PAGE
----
Friend Request packs some fun scares and twists, but it’s a film best saved for a late-night Netflix binge when nothing better is on.
  12. Welcome to the world of white people problems, ground zero for the strain of American comedies that Apatow does best. But does he really?
  13. Woodshock offers a whole lot to look at, but not all that much to see.
  14. The resulting 119-minute pileup of showdowns and one-liners is an undeniably tighter, more engaging experience. It’s also a tired, conventional attempt to play by the rules, with “hold for laughs” moments shoehorned between rapid-fire action — a begrudging concession that the Marvel formula works, and a shameless attempt to replicate it.
  15. The younger Mann goes through the motions of a gritty murder mystery with plenty of technical proficiency but only a modicum of soul. The Mann touch is not only in the DNA of the director but in her movie, which inadvertently makes the case that atmosphere is more hereditary than innovation.
  16. When Landon moves away from the darker parts of the film, opting to play up the campier elements of a mostly silly story, Happy Death Day is the kind of dizzy fun as slasher horror can possibly be. Too bad then that all that goodwill has to reset every night, pushing everything back to square one just as it was getting good, murderously so.
  17. The actor's pathos and deadpan skills are buried in the material, which also suffers from a continuous lack of inspiration. It's high-minded entertainment with low ambition.
  18. A lazily plotted and largely generic thriller.
  19. Portman's screenplay shortchanges the dramatic potential of the material in favor of a by-the-numbers period piece.
  20. Qhile the 90-year-old Pennebaker doesn't appear to deviate from the observational aesthetic that has defined his life's work, Unlocking the Cage is nevertheless an ill-fitting first for he and his partner: an issue-based film.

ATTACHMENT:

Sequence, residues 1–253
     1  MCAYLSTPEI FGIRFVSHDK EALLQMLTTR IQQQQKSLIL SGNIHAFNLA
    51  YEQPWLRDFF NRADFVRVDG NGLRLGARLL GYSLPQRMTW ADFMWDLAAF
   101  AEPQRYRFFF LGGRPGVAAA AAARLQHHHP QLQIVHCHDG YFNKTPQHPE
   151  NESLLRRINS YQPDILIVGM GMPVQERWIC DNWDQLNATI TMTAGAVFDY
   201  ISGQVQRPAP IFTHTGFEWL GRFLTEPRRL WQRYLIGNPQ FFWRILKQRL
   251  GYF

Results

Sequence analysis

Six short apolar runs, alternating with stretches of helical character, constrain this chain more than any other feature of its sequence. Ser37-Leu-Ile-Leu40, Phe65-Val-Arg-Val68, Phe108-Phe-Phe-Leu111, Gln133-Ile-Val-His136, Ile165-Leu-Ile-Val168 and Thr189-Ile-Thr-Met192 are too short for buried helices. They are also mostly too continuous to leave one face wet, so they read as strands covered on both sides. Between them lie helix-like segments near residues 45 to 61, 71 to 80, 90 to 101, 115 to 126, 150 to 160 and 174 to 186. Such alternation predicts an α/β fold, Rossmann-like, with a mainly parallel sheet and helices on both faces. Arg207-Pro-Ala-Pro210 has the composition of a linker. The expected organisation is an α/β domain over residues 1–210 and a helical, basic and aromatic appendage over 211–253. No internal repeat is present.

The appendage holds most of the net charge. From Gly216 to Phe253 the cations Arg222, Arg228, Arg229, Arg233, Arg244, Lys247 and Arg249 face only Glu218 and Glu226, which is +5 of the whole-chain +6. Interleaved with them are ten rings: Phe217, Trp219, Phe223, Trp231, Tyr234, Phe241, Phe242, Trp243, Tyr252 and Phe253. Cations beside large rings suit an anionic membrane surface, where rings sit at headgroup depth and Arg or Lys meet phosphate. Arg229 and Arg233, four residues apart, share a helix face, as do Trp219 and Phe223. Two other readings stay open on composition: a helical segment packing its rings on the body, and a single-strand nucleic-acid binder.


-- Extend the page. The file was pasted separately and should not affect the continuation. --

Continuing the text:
21. Sarah's need to save her brother provides the initial raison d'être, but with the mystery is resolved early on Sarah's Key turns into a flimsy meditation on grief.
  22. It's painful to watch Red Hook Summer stumble, because the man behind it has tried so hard to get his groove back. However, it's energizing in the fleeting moments when he does just that.
  23. Aftershock has no earth-shattering revelations to make its mayhem stand out in the wreckage.
  24. Benoît Jacquot’s The Diary of a Chambermaid is a gorgeously mounted and dramatically inert bit of fluff that drapes itself over a smoldering Léa Seydoux but never manages to catch fire.
  25. Sandberg unquestionably has an eye for a great horror motif — and, given the frequent use of absolutely gut-churning ambient sounds and hair-raising scratching noises, an ear for it, too — and he’s assembled a strong cast to tell Heisserer’s expanded story, but even those smart decisions and clear talents can’t push Lights Out to brighter heights.
  26. There's nothing slick or entertaining about the crumbling existence of Pomes' unsalvageable antiheroes.
    • 41 Metascore
    • 50 Critic Score
    While it has a few appealing qualities, as a whole it amounts to a well-intentioned bag of missed opportunities.
  27. The problem with this hokey courtroom drama isn’t that it says the right thing in the wrong way, the problem is that it ultimately doesn’t say anything at all.